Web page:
Reviews Iron Chic You Can't Stay Here

Iron Chic

You Can't Stay Here

Iron Chic has its own kind of poetry. It’s not quite the Off With Their Heads level of self-hatred, but it’s highly self-deprecating to the point of feeling playful and overblown in its drama. Throughout the entire 11-song You Can’t Stay Here there are dozens of snippets I could grab to express this tone.

"I’m a stone, you’re a feather
Just leave me in the ground forever"

While the lyrics ride the self-wallowing tide, the album actually soars as listeners surf the waves. Uh, yeah, whatever that’s supposed to mean. I live in the Midwest. We don’t surf here. 

I’ve beaten that metaphor to the ground in earlier Iron Chic reviews, but the band uses chugging verses that build into powerful anthemic choruses, stemming from a whoa-oh mentality but without abusing that trope. It lets the emotion carry the song and the music itself feels cathartic, as it embraces life’s painful moments and repurposes the frustration. It doesn’t celebrate pain, but the resolve it requires to see it through. And that’s something people should be commended for. It’s extremely difficult.

Usually I break down a few standouts and pull examples to talk up the band’s sound. Instead I’ll focus this one of “Planes, Chest Pains, and Automobiles” in the middle of the record. It highlights what Iron Chic does best.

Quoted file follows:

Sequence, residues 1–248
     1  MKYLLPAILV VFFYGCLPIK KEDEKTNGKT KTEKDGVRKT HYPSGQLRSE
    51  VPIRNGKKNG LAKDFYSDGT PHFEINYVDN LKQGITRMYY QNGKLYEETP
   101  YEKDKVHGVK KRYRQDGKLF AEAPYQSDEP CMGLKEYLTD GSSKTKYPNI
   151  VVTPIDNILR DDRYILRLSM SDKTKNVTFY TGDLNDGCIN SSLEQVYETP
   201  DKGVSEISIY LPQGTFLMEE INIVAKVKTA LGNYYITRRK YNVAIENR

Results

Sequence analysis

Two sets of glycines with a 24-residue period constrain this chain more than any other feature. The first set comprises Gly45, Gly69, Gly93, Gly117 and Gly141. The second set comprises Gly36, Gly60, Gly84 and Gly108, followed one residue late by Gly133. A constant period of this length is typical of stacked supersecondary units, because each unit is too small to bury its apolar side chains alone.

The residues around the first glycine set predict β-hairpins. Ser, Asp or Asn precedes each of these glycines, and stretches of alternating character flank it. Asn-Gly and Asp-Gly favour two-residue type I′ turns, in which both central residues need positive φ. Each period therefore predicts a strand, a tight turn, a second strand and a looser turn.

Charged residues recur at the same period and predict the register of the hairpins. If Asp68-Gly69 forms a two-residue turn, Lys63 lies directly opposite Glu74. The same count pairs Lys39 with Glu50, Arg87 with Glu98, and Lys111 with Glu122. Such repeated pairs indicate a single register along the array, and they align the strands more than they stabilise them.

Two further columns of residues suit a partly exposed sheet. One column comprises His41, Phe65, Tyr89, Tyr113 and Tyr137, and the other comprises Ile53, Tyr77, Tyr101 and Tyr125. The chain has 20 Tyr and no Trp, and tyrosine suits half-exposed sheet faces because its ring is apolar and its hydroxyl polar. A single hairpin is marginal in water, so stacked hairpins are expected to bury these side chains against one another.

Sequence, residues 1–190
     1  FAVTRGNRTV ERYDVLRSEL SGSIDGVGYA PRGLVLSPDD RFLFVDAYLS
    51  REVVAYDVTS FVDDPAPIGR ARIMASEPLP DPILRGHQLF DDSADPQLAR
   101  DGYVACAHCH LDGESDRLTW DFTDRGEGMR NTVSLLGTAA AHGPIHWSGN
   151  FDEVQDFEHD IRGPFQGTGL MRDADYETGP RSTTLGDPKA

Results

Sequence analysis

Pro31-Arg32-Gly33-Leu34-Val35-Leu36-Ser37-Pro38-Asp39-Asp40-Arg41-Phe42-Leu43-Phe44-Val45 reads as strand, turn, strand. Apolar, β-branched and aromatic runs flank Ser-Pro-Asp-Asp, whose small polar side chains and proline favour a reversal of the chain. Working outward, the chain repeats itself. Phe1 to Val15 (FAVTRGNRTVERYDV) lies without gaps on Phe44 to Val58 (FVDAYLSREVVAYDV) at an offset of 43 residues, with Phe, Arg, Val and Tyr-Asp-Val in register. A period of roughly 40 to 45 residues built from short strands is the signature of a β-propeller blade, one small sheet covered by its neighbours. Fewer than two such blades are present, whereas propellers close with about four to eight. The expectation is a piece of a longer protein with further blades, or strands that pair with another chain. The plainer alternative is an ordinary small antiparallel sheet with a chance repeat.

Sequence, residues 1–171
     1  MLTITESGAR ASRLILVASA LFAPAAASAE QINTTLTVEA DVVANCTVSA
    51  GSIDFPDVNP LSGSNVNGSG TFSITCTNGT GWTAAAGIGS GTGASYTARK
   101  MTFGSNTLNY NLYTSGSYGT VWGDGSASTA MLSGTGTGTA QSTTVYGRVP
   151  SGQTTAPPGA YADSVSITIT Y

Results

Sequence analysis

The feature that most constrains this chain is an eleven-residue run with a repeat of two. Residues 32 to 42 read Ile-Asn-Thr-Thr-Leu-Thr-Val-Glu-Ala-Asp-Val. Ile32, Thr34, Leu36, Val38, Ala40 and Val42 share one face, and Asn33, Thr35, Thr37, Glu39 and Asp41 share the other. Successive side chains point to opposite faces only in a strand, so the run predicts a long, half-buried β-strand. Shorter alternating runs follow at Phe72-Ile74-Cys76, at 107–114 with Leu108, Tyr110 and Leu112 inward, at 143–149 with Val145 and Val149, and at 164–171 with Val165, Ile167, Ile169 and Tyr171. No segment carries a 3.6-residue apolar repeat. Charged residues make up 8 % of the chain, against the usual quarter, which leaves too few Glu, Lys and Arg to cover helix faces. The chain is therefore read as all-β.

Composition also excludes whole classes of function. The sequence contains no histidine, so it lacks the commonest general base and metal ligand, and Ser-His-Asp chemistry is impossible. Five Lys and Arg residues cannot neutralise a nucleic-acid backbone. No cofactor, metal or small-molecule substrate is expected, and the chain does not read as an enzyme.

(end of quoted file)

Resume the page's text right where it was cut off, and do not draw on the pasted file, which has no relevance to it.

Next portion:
This song begins with a mid-tempo “it hurts like hell” tone, then builds. At about the 1-minute mark it pulls the full feeling together: things are bad; here’s how; we’re right here with you. At the same time, the melody merges into a sing-along chorus, connecting the two core elements. It rises and falls a bit between choruses, letting a moving build-up bring it all together again in a big release a minute later. It treads on rehashing familiar melodies throughout but bridges between those movements are subtle enough that it doesn’t get boring. It’s just predictable enough, and that ability to balance familiarity with engagement is what sets the band apart from many similar groups.

It’s followed immediately by “Golgotha,” which drops the tempo and tone back into a temporary lull at the start before the energy cycles through again. While individual songs aren’t repetitive to a fault, Iron Chic tends to stick to a similar key across all their work and that makes the 11 songs here sound fairly similar when listened to start-to-finish. It loses some energy when they slow down in “Ruinous Calamity,” and they show off their stuff when it bounces right back with “To Shreds, You Say?” That song closes the record, but carries that kick often saved for song number one on a release. 

You Can’t Stay Here gets on the wave and rides the momentum, maintaining a fairly even experience all the way through. At this point in their history as a band, it’s exactly what fans expect.

8.4 / 10Loren
KFAI - Roar of the Underground
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8.4 / 10

8.4 / 10

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